SUNY Scholarships Offered to Victims' Relatives



A week after hijacked planes destroyed New York City's Twin Towers, Gov. George E. Pataki introduced legislation that, if passed, will provide family members of those killed in the attacks with full scholarships to SUNY institutions or comparable aid to non-public academic institution.

Pataki announced plans Sept. 18 to offer the scholarships immediately, beginning with students enrolled for the 2001-2002 academic year. Children and spouses of victims or emergency medical personnel who were killed or seriously disabled in the New York, Washington, D.C. and Pennsylvania attacks will be eligible to receive the scholarship regardless of state citizenship.

"We don't know how many people have been affected and how many people will apply," said Dave Henahan, director of media relations for SUNY. The cost of the financial assistance will not be known until the full mortality count has been determined.

The scholarships will cover the full cost of attending a state university or college, approximately $12,000 per year for tuition, room and board, fees, books, supplies and transportation costs. Students who elect to attend a private institution will receive an equivalent financial package.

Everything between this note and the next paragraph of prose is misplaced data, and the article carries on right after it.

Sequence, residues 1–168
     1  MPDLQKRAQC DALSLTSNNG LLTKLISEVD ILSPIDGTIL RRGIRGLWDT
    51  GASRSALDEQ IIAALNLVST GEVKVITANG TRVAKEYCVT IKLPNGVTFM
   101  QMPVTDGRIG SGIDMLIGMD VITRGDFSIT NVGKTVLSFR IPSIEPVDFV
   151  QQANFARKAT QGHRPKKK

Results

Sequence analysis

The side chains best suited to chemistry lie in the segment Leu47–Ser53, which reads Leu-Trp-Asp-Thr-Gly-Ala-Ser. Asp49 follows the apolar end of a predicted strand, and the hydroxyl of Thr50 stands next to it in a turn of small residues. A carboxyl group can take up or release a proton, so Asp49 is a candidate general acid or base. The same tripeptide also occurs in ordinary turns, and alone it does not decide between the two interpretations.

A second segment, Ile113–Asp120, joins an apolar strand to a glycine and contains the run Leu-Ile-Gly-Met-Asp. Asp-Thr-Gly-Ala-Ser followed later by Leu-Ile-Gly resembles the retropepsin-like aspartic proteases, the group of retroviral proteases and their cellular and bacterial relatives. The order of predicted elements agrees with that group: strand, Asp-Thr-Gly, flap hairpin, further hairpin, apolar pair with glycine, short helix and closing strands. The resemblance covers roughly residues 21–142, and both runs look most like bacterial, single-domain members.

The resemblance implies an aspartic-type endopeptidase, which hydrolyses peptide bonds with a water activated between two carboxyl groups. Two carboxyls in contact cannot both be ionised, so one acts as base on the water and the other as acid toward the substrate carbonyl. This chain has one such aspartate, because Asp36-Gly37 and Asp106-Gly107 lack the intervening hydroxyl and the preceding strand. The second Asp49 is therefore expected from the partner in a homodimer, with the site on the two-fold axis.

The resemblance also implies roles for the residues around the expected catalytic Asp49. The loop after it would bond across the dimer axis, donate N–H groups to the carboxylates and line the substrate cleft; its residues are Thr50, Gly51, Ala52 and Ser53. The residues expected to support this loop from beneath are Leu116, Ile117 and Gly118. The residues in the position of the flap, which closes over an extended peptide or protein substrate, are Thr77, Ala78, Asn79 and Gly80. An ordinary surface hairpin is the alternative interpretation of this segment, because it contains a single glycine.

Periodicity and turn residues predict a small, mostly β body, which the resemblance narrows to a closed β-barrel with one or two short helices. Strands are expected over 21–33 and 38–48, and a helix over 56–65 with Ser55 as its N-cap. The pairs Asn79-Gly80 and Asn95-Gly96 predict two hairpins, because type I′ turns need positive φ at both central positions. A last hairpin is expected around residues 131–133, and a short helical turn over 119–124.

Although the proposal has not been finalized, SUNY has already begun the process by contacting universities and gathering data on how many students were directly affected. At UB, Vice President for Student Affairs Dennis Black said he and Senior Associate Vice President of University Services Kevin Seitz have been responsible for collecting "what we know about the families."

Although he was unable to give an estimate of what the scholarships will cost the university, Black pointed out that children of those killed or injured in the attack could conceivably be attending college 18 years from now.

The aid will take affect immediately, said Henahan, because "we want to be able to help students this year."

The scholarship is being modeled after a pre-existing scholarship that guarantees children of New York firefighters or policemen killed in the line of duty a college education.

New York is not the only state to offer a survivor scholarship. Connecticut Gov. John Rowland has proposed a similar measure that will cover only Connecticut residents whose parents or guardians were killed in the attacks. Rutgers University has also made a similar offer to New Jersey residents. New York University, Keuka College, Columbia University, Long Island University and Fordham University have all begun to create scholarships to offer to victims' families.

The U.S. Department of Education directed federal education lenders to grant borrowers affected by the tragedies until January 2002 to begin repaying their loans.